0

What is the difference between what and which?

For example, what is the difference between the following sentences?

What is correct?

Which is correct?

4

Which and what have different meanings. Which is used in questions to ask somebody to be exact about one or more people or things from a limited number.

For example, you ask What name do you prefer for your son? because there are many possible names to give to a baby.
Suppose that you're instead talking to somebody who tells you that his wife prefers Michael, her mother prefers Andrew, and his mother likes Alberto. If you ask him Which name do you prefer? you are asking him the name he prefers from among those three; if you ask him What name do you prefer? you are asking him the name he prefers, including any other name that isn't Michael, Andrew, or Alberto.

In your case, Which is correct? could be asked to a person who is talking about two or more options, for example You could do this or that. Your question is essentially asking Between this and that, what is correct?

4
  • I know this but i want To Understand is It More Usual To Use what Instead Of witch? Jul 24 '13 at 12:45
  • It all depends from what question you are asking. It's not a matter of preferring one instead of the other; so, which one is more usual to use is something that cannot be said.
    – apaderno
    Jul 24 '13 at 12:52
  • Can u explain more? Jul 24 '13 at 12:59
  • The words you are asking about have different meanings. (See my answer.) Asking which one is more common to use is like asking which is more common to use between dog and cat.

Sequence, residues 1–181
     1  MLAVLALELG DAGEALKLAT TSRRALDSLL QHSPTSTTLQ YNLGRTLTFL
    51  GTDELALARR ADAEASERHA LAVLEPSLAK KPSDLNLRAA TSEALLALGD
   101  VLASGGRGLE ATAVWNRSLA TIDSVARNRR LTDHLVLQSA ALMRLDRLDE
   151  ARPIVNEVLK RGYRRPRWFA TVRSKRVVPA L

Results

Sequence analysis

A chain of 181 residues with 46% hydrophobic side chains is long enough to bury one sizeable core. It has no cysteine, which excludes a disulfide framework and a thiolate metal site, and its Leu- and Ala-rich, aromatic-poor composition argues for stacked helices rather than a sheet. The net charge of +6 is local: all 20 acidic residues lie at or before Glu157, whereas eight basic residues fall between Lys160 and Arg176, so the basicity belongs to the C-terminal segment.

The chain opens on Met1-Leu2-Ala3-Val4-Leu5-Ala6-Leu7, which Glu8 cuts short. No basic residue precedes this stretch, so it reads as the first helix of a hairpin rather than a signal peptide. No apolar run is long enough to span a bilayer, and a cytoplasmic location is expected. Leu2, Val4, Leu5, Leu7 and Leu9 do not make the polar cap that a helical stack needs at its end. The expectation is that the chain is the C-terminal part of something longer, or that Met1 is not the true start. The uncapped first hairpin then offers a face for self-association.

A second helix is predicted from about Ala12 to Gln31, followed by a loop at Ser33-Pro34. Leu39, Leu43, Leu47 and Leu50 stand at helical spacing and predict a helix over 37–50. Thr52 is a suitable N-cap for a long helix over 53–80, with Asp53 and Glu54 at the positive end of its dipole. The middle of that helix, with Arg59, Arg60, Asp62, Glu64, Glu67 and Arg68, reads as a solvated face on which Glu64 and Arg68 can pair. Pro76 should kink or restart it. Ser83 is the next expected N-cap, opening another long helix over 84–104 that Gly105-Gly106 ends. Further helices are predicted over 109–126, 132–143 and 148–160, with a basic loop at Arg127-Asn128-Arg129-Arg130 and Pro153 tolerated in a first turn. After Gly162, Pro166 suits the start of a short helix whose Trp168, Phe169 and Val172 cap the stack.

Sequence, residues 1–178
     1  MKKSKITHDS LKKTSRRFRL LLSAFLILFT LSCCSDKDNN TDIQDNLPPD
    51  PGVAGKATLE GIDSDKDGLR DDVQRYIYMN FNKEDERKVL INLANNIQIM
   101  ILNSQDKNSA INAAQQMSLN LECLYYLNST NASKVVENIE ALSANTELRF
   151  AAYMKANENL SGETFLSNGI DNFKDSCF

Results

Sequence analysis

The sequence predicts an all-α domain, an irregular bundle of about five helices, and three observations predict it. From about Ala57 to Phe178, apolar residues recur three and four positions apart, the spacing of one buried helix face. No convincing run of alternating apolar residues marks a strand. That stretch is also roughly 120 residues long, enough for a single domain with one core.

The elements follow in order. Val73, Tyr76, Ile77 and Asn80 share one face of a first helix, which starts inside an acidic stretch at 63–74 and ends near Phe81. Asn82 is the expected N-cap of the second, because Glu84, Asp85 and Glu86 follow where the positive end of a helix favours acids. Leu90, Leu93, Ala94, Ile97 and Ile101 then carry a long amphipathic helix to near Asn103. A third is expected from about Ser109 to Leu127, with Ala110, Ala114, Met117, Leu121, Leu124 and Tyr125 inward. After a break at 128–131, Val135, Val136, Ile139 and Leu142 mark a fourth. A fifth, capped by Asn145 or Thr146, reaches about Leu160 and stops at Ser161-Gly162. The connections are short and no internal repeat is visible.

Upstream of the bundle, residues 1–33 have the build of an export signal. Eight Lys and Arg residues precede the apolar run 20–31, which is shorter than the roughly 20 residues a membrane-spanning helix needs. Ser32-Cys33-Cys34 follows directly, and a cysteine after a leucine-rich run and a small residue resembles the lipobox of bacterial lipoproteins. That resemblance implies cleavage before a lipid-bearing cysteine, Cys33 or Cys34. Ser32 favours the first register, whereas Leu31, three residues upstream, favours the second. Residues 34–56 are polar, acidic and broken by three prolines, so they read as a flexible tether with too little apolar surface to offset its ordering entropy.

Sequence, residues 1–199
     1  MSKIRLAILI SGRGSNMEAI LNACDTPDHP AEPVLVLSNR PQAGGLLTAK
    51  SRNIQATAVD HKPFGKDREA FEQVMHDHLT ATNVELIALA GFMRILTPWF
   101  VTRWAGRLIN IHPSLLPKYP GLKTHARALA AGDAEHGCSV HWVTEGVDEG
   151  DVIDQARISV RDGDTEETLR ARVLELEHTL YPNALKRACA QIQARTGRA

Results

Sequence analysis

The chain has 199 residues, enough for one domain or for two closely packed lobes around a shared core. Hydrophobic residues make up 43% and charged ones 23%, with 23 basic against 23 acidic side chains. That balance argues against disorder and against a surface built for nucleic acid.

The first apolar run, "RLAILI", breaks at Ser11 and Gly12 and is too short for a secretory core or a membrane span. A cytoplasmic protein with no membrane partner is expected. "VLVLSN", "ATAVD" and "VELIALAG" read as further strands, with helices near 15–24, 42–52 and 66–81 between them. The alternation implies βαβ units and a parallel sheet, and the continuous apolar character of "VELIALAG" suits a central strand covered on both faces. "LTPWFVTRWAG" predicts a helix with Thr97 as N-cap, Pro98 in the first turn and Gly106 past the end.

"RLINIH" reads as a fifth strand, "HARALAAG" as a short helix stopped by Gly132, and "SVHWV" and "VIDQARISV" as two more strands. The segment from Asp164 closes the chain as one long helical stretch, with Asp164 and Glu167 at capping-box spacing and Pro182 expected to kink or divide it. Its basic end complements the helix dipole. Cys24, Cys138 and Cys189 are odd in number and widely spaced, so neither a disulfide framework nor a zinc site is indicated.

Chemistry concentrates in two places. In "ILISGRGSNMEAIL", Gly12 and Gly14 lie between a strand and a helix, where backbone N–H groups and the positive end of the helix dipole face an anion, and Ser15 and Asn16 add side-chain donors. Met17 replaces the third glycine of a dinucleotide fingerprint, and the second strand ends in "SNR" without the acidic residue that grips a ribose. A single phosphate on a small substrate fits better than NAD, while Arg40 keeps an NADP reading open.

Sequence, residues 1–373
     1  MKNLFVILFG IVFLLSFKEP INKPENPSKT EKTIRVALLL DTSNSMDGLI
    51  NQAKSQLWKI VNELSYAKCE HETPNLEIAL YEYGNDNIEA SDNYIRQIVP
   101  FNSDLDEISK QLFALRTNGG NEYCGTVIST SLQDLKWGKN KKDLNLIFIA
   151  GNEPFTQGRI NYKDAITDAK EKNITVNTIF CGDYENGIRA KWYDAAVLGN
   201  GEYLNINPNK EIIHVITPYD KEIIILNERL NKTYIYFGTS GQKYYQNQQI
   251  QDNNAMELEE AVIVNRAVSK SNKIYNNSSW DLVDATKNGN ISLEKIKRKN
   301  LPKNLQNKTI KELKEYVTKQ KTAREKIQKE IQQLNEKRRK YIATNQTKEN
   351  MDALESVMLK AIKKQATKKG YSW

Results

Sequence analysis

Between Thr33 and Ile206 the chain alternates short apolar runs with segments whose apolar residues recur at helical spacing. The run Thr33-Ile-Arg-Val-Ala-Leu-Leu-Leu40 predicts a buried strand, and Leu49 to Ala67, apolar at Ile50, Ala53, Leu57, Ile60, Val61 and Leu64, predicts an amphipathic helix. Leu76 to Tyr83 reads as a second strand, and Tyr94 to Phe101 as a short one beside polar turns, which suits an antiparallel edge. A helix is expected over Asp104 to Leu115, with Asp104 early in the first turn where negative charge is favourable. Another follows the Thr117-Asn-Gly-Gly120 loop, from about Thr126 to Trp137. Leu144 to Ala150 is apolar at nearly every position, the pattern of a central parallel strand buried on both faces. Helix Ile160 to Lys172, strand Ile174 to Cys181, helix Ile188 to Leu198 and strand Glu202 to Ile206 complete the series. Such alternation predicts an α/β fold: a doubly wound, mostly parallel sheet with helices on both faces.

– apaderno
    Jul 24 '13 at 13:05
4

What is used when you are asking a question that can have an unlimited number of possible answers.

What is your name? You can receive any answer!

Which is used when the options for the answer are limited.

Which one is the most beautiful? The red or the yellow? You can receive only two answers.

2
  • 1
    Bon, if you have only two options you should say "Which one is more beautiful", but if you have three or more than you can say "Which one is the most beautiful".
    – user114
    Jul 23 '13 at 20:06
  • 2
    @Carlo_R.: What you said there is very true, but you'll find that many native speakers will often say most in that circumstance (i.e., even when there are only two options, and more would technically be the more correct word).
    – J.R.
    Jul 23 '13 at 20:16
1

The difference is the number of possible options to choose from. So, if the number of possibilities is the whole universe, you ask "WHAT". If it is limited, you ask "WHICH".

Let me explain:

Q. What color shirt will you wear?

Here, the asker could accept any color as the answer. So, if you say, 'taupe', they might ask, "What is that?", but they won't say, "Wrong answer".

Q. Which color shirt will you wear?

Here the asker has laid down a limited number of colors to choose from. So, he could say:

...between red and gray...

Therefore, the answer "Blue" could be technically wrong. Again technically, the reply should be, "I don't like either. I'll wear blue."

Please note that what I said above is just an example to distinguish WHAT from WHICH. Therefore, simply answering "Blue" means, "I don't like either. I'll wear blue." That's why I used the word "technically".

So, to conclude,

  1. You use "WHAT" when you have to choose from an unlimited number of options
  2. You use "WHICH" to choose from an limited number of options.
1
  • A woman has twenty dresses to choose from: "What dress are you going to wear" and "Which dress are you going to wear" are both correct to my ears. But "What is the correct answer?" Suggests there is only one right solution to the question.
    – Mari-Lou A
    Jan 2 '21 at 9:38
0

'What' stands as the subject and 'which' is the object of the sentence, also 'which' can stands as subject of the which clause that replace the whole clause of the previous sentence. 'What' is used to ask an unknown thing while 'which' means a choice among several things.

You must log in to answer this question.

Not the answer you're looking for? Browse other questions tagged .